Vu Cao Dam, 1940, “Hè” or is life just a buffoonery?
When he painted this gouache and ink on silk in 1940, Vu Cao Dam was already living in Paris for nine years.
In this terrible year 1940, it is very difficult to date exactly the work.
“40” was the year of all hesitations (“The Phoney War“), of all tragedies. And above all, of all renunciations. The absolute and terribly humiliating defeat of the French army against Germany happened so fast and only 22 years after the armistice of 1918, the price to pay for lack of preparation before the conflict to come.
Since arriving in France in 1931 Vu Cao Dam has become an emancipated artist : The Colonial Exhibition of 1931, the Universal Exhibition of 1937, his marriage with Renée Appriou in 1938, his participation in the hectic collective artistic work based on Montparnasse’s style, all of that made him an independent artist. The country of his birth became more of a memory than a reference.
The chèo is a popular theater from northern Vietnam, originally played in the countryside or in the courtyards of communal houses and pagodas, becoming more urban at the end of the 19th century… while acquiring at the same time the clear influences of French theater: establishment of the act, the stage, precise dialogues, refined stage play, diversification of characters.
Stories of simple everyday life, traditional tales and legends, always told through the prism of comedy, the chèo is a moralism. Incarnated by different characters reappearing according to the representations and immediately identifiable by the public as Hè, the jester (its translation in Vietnamese), the comic element. It is probably the character Vu Cao Dam proposes to illustrate here.
There are as many styles of chèo as there are performances, but let us schematize: traditionally, a simple carpet was used as a stage with the audience occupying three sides. This public is active, calls out to the actors, makes comments as if they were the actors themselves and reactivates the play if needed – the action.
Today we would speak of “inclusive” theater…
A set, very simple, but a more complex musical environment: a wind orchestra (flute), a string orchestra (two-stringed viola, monochord, round-box and two-stringed lute), and a percussion orchestra (drums and cymbals) accompany the actors. A choir, composed either of the musicians themselves or of the actors singing known melodies while they are waiting for their entrance on stage.
The chèo, beyond the farce, is a moral: honesty, fidelity, filial piety. Good must be rewarded, evil must be punished.
The gestures of the actors, codified, and their mimics, exacerbated, must translate feelings identifiable by the informed public.
Thus the “virtuous woman” walks in a straight and dignified manner, while the less “virtuous” one wanders provocatively, undulating her hips, on either side of the stage.
The character of Hè, make-up made of black, most often dressed as a valet, does not just comment the action but also reprimands and warns the passing Mandarin – or any other authority – with the vocation of ridiculing them. Originally the chèo consisted of five typical characters. Hè, our buffoon, “Lao” (the comrade), “Mu” (the telltale), “Thang” (the guy), “A” (the chick). These have become more complex (“Hè Moi”, the talkative buffoon, “Hè Gay”, the buffoon with a stick, among others) or revealed as “Phu Ong” (the rich man) or “Thua Tuong” (the Great Mandarin), among many others.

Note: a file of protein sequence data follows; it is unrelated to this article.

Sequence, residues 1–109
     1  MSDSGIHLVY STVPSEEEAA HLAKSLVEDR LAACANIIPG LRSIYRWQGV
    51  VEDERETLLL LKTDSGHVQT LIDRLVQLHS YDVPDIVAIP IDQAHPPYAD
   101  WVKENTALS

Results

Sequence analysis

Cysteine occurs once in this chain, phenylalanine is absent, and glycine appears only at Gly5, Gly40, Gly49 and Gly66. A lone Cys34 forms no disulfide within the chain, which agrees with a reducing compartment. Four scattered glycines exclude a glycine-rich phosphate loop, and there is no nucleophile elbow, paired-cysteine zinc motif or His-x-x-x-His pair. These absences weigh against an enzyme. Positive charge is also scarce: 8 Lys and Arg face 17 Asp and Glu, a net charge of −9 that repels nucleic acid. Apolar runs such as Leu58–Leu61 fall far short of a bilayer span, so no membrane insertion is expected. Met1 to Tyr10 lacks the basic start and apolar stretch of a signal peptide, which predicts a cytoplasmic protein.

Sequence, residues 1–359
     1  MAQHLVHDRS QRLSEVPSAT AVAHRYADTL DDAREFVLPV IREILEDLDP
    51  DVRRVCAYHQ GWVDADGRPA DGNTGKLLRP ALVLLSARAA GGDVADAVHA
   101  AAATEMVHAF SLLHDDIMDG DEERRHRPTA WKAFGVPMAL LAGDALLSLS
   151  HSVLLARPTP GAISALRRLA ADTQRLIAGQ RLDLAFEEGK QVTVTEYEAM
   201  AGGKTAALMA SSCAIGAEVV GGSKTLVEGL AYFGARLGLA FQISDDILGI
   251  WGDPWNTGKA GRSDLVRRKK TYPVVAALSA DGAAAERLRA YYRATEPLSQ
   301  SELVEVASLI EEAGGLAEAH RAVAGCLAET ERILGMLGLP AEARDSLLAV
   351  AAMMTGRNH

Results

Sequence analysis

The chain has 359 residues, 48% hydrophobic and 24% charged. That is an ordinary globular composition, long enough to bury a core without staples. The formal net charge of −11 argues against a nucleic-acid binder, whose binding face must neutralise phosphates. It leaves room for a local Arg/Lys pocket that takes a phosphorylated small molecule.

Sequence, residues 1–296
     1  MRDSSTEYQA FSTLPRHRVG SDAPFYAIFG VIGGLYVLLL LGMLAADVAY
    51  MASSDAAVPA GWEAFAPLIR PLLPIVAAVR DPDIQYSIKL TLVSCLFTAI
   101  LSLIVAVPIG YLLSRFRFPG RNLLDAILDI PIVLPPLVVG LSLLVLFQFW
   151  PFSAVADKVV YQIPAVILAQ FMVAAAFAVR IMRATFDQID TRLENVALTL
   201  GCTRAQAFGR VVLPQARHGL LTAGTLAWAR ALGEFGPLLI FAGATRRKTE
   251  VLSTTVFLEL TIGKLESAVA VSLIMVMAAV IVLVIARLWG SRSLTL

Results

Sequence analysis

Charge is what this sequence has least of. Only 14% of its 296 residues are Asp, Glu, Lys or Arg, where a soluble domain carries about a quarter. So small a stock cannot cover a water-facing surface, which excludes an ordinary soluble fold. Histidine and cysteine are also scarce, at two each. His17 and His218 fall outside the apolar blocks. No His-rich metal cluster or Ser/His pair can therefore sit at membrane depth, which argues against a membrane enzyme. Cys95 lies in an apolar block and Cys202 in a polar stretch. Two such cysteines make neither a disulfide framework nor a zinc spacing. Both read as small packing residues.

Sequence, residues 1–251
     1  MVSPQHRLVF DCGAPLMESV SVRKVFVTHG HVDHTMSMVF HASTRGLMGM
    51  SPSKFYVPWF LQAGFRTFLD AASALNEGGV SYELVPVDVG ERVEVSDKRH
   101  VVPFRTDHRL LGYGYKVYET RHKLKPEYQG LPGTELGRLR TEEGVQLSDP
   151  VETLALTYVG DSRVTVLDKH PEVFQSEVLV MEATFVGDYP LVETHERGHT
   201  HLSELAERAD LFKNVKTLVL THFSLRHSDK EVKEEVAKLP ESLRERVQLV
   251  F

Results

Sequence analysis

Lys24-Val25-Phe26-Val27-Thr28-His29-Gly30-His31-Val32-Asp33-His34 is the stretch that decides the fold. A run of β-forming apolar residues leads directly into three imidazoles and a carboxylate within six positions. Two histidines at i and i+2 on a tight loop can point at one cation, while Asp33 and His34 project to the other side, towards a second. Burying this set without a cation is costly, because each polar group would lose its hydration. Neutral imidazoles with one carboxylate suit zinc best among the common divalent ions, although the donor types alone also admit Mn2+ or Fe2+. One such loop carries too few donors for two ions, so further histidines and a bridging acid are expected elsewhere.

It is interesting to note that Vu Cao Dam invokes and favours the chèo, a popular and intrinsically Vietnamese theater, over the classical theater, the “tuõng” (classical theater totally Chinese in essence), dominated by the lessons of the past and the great historical themes, specifically Chinese (“History of the Three Kingdoms”) or Vietnamese (“The Trung Sisters”). The painter could have illustrated a scene from Kim-Vân-Kieu, part of the classical theatre, already often illustrated directly or indirectly in his work. Let’s specify that the Thach-sanh or the Luc-vân-Tiên, classic among the classics for every literate Vietnamese, are also part of the classical theater repertoire.
The choice of the buffoon’s character is revealing of Vu Cao Dam’s mentality in this year 1940. First of all, in the chèo, the jester is central to the represent and is the much-waited character. He is key to this theater because his character is the one transcending reality, even if it is simulated. The jester laughs when he is sad, cries when it is funny. The jester is the publicist of the absurd, the conqueror of the infinite emptiness that assails us.
In Hè, the self-deconstruction of the artist by himself is twofold: he frees himself from the Chinese legacy and follows a French way through the Vietnamese vector.
The color black floods the painting: Hè’s face, of course, but the green background, the shirt that we would like to see white. One might think – but it is not certain – that the painter dipped the silk in diluted ink, as it was the custom at the time, but in this specific work the density of ink in the water was greater than usual. And, of course, an even darker black is applied for headdress with, also, some green and white gouache. One will also note the features of our jester, skillful compromise between the silliness of the facade and the necessary percussion of the temperament.
In this year 1940, Vu Cao Dam, René’s fulfilled husband of two years, who had been living in France for nine years, went to look for the most emblematic actor of the chèo to let us know that, in a life, there are no serious answers to pointless questions: we are free to suffer. But we suffer from being free.
He has just realized that if everything that can be formulated is false, not everything that is visible is necessarily false. He, the Confucian, breaks all certainties in this emblematic picture.
But we already knew it: an artist is not a social being.